For entertainment, Tinkler and his Plumb Design colleagues engage in what might be described as the Scrabble player's rendition of the popular game Six Degrees of Kevin Bacon. Taking two seemingly unrelated words such as "do" and "be," they try to chart the shortest path of linguistic links between them.
Tinkler conceived Thinkmap while studying architecture at Carnegie Mellon University, where he helped establish the department's Web site. As it expanded, he saw that the typical hierarchical site map would not do. "Being an architect, I started talking to people about spatial representation on the Internet," he recalled.
Tinkler toyed with some code, but the idea was not fully developed until early 1997, after the Smithsonian proposal had arrived the offices of Razorfish Inc., the Manhattan multimedia firm where Tinkler served as lead technologist.
As the team there commenced work on the prototype, they laid out the site map just as an architect would, with overlays of tracing paper. When the complexity of the project turned that into a "rat's nest," Tinkler said, he realized it might be time to resurrect the three-dimensional approach.
Tinkler left Razorfish in June to launch Plumb Design, where he is creative director. Among the new company's first efforts was the Visual Thesaurus, built as a demonstration for the Thinkmap software.
"We thought it would be a perfect demo because, unlike the Smithsonian, it's pure navigation. In a thesaurus, the words themselves are the content. All a thesaurus is is navigation. You don't get any more meaning than the navigation itself," he explained.
Tinkler noted that the words in the Smithsonian control panel twitch less than those in the thesaurus, because the system is programmed to act as if there were less friction in the virtual atmosphere.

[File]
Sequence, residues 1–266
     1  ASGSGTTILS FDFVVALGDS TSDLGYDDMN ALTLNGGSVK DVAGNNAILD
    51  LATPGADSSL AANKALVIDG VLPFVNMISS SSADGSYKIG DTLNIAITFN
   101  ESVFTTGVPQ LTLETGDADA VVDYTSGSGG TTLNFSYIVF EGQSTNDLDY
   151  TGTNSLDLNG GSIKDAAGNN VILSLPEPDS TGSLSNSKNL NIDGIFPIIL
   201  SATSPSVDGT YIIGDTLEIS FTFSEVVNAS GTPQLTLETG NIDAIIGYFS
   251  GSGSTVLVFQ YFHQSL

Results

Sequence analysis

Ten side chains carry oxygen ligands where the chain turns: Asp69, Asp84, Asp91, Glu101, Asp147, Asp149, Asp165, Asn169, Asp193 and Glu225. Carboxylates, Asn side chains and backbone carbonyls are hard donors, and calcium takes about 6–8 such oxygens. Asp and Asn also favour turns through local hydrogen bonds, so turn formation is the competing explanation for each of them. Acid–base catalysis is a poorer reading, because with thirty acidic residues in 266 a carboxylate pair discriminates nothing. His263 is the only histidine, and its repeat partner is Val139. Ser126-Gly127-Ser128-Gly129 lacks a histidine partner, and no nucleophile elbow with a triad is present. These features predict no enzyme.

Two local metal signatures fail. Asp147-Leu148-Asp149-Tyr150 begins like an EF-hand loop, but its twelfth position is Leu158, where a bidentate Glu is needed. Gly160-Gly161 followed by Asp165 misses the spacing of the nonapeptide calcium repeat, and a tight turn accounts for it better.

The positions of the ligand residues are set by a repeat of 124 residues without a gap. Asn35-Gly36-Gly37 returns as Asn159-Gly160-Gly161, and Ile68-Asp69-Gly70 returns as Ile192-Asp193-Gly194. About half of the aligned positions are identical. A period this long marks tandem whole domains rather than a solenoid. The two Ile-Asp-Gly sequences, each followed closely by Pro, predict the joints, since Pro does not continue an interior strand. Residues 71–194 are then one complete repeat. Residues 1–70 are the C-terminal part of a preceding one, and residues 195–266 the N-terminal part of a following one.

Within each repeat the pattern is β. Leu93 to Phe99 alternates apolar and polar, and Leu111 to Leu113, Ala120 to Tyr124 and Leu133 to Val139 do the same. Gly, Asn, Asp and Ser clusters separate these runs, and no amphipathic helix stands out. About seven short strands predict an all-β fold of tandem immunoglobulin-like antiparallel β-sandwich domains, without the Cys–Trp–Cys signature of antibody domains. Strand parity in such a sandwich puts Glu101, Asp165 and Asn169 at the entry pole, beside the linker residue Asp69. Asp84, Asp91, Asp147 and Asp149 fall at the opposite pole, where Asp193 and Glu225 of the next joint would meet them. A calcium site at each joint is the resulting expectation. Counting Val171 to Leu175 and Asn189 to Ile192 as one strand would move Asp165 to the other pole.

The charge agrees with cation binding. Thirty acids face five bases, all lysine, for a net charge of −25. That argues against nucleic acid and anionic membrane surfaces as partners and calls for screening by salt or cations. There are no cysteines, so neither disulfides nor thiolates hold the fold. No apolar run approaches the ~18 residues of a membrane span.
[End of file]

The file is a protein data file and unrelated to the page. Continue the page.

"We try to make the interface as organic as possible," he asserted. The Smithsonian site and the thesaurus operate with mathematical algorithms taken from water-flow patterns, and the thesaurus's scrolling text bounces along as if each word were magnetized.
Plumb Design is close to releasing a standalone version of the thesaurus that will work with Microsoft Word, and the firm continues to wrestle with ways to make the Internet Movie Database function with the Thinkmap software.
Search-engine and electronic-commerce applications also beckon, although Tinkler declined to identify potential partners.
Still, it is easy to imagine the Thinkmap software being merged with a music or movie database to generate recommendations for online shoppers based on past buyers' behavior, with each selection prompting a slew of new suggestions.
Tinkler agreed. "You don't walk into Barnes & Noble to hear them say, 'What book do you want?' The whole idea is browsing, and browsing is not a mechanical experience. It's more fluid. You bump into things and change your interest."
The name for the software changed quite a bit before Thinkmap was eventually settled on.
Web Presence. Nematograph (from the Latin for "thread"). Medusa.
And for once, the software failed Tinkler.
"We were really trying to use the Visual Thesaurus to name itself," he admitted, "but it just didn't work out."
Thinkmap. Visualize Complex Information.